I am not talking about a new haircut, but rather the hay and silage harvest which has been taking place up and down the Hebrides since May. Farmers spend most of their summer fretting about when their silage or hay crop needs to be cut and Conservation Advisors often spend most of their summers advocating a certain cutting method within a certain period of time, hoping that the farmers timings may coincide.  

 

In most places across the UK the cattle farming system is set up for early cut silage. Stock are reared and fattened on the low ground in summers and wintered in sheds. This creates a need for protein rich forage and the most economical way of producing this is with one or two grass species, large fields, quite a lot of nitrogen and a couple of harvests per year.  Unfortunately, this system isn’t particularly attractive to wildlife.  

 Monocrop silage

Monocrop silage - high protein levels, fermented and harvest less dependent on weather.

At the other end of the scale there is a system where cattle and sheep have been selected for outdoor living all year, large areas of upland are utilized for grazing and only a minimal amount of winter forage is needed. The grass crop is not heavily fertilized thus retaining many different species and can be cut later due to its structure and density. This system is generally more attractive to wildlife.  

 

A more 'natural' system with diversity of plants within the landscape.

The above paragraphs are a simplification and most likely insulting to most people growing grass. They are two very different end products with differing uses. Weather, soil, exposure, climate, infrastructure, machinery and economic factors will contribute to the reasons behind which crop is grown. Both methods have their advantages and disadvantages and ultimately it has to suit the farming system.  

A silage pit - less plastic but a lot of infrastructure is needed.

However, can there be compromise? For some species like the corncrake there is little room for compromise when it comes to their ecology. They need undisturbed long vegetation to breed. Corncrakes arrive from Central Africa in April and they find areas of vegetation which is long enough to protect them predators (often nettle and iris patches – known and early & late cover in the corncrake business), they will then start to use hay and silage fields as soon as the vegetation is long enough and a food source is  present . The first clutch of eggs is laid at the end of May and a second clutch is laid in July. Corncrakes are a short-lived birds, (2-3 years) and whilst allowing the birds to lay their first clutch without disturbance, this only allows the population to remain stable, a second brood is required in order for the population to grow.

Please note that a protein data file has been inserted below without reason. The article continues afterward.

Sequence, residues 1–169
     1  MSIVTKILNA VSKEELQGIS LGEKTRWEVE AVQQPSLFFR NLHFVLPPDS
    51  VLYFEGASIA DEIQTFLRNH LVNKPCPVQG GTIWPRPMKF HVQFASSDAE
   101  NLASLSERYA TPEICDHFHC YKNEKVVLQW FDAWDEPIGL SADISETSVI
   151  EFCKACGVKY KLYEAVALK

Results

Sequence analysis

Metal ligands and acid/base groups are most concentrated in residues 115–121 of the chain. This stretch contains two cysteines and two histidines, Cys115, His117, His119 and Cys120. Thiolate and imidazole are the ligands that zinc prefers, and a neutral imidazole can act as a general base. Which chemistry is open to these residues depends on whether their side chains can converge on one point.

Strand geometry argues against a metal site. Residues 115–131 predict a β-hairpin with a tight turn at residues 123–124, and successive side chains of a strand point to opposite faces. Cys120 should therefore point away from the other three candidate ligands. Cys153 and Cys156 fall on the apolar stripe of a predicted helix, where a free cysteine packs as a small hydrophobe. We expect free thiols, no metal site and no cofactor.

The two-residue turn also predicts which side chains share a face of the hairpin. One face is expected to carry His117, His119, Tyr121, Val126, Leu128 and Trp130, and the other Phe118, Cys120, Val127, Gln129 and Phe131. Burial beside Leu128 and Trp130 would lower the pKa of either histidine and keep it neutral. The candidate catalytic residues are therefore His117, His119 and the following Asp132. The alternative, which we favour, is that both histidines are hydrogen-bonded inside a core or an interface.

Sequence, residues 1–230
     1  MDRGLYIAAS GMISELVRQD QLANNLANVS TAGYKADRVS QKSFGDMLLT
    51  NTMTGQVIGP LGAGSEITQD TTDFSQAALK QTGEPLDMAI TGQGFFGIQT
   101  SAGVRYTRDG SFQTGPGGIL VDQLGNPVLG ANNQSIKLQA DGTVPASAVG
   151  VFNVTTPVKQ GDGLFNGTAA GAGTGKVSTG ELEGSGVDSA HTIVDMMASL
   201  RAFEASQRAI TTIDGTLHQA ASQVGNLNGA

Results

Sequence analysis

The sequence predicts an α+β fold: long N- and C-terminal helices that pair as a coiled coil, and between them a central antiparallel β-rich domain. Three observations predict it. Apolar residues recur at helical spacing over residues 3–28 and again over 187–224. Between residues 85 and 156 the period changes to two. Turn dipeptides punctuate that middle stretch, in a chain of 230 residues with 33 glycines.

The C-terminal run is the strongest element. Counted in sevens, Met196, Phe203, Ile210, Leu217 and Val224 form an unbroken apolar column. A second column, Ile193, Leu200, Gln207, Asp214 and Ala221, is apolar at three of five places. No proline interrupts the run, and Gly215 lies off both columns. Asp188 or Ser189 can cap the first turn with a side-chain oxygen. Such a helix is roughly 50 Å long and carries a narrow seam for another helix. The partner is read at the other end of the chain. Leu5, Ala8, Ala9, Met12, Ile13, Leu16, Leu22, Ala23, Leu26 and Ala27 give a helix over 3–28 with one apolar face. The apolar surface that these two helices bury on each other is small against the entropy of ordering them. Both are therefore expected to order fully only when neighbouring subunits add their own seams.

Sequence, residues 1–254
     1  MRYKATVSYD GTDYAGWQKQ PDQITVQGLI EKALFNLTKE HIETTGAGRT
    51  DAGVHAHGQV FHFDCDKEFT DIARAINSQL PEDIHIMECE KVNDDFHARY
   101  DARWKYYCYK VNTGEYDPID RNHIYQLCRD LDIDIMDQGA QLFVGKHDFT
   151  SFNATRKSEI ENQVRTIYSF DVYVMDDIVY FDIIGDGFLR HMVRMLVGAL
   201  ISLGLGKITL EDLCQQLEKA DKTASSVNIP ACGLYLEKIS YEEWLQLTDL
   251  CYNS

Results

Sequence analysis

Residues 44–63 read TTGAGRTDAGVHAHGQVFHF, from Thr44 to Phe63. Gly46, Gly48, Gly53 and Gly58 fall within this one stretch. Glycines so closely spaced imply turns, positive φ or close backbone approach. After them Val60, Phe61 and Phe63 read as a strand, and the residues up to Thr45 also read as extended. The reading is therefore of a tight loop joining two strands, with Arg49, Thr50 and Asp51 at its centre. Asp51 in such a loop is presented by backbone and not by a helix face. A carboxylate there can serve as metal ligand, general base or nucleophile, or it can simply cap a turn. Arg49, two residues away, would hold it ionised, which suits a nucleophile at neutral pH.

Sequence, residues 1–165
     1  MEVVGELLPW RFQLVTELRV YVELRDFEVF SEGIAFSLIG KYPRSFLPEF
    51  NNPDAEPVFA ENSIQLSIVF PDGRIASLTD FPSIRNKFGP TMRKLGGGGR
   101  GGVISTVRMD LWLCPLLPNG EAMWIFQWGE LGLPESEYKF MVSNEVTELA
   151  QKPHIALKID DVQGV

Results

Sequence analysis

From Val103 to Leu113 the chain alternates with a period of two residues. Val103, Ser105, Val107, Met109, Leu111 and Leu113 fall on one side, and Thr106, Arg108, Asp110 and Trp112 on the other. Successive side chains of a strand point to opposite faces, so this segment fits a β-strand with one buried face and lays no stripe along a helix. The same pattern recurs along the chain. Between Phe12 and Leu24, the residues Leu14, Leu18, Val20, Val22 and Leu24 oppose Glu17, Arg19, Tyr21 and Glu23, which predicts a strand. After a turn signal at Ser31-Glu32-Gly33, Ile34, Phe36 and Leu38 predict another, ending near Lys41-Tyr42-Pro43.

Uncompromising corncrake ecology

A clear case of conflict, but again, can there be compromise? The word ‘biodiversity’ gives us a clue. Perhaps all fields don’t need to be cut at the same time, perhaps some can be left till later in the summer. Creating a diverse landscape will also cater for other species who live alongside the corncrake such as chough and lapwing. Even leaving small areas uncut can make a difference. 

 Not everything is cut at the same time

So, what if we don’t cut late but we cut ‘corncrake friendly’. Current mowing practices mow the field from the outside in. This is partly to do with fuel & time efficiency but also because large machinery is unable to manoeuvre as easily as the smaller mowers and tractors of 20 years ago. Corncrakes are reluctant to break the cover of grass, mowers working from the outside of a field inwards will trap chicks in the diminishing area of tall grass remaining in the center of the field. Eventually most will be killed by the mower.  Each field is a different shape and a practical approach should be taken, mowing as slow as possible and towards and area of refuge can make a difference. 

Corncrake Friendly Mowing

 

So what about this refuge? Creating pockets of long vegetation which is present from April to October is an important element of the habitat needs of this bird (see early & late cover) Females will nest in this cover in April and chicks will find refuge in it in September. Farms have got tidier and patches of nettles are not seen as desirable and often every bit of low ground is utilized for grazing. But what if just a little bit was left to grow wild and unruly, it would not only create good vegetation cover for corncrakes but over time plant and insect diversity would increase in these areas too. 

 

Leaving space for wildlife

Switching to a whole new farming system may be a bit of an ask but not completely outwith the realms of the current reality in farming. To make any money in farming at the moment the savings have to come from the inputs, no one is getting much more from the other end.  Efficiency savings are key. Many famers are questioning the suitability of breeds they are farming, hairy beasts are back in vogue. They can live out all year and need little supplementary feeding, therefore reducing the need for inputs. Carbon and cost savings can be made if pastures become permanent, a move to a hay or haylage could then be made.  

 Hairy but horny....

But lets not chuck the baby out with the bath water. Farmers & crofters know their land, they know their stock and they know what works. For long lasting solutions, a change in management has to suit both parties. But compromises can be made and small changes can make a big difference. If you know of anyone contemplating a change to their farm or croft management to accommodate some of our wilder neighbours, please get in touch. We have a number of Conservation Advisors up and down the UK ready to help!  

A corncrake meaning business 

Anonymous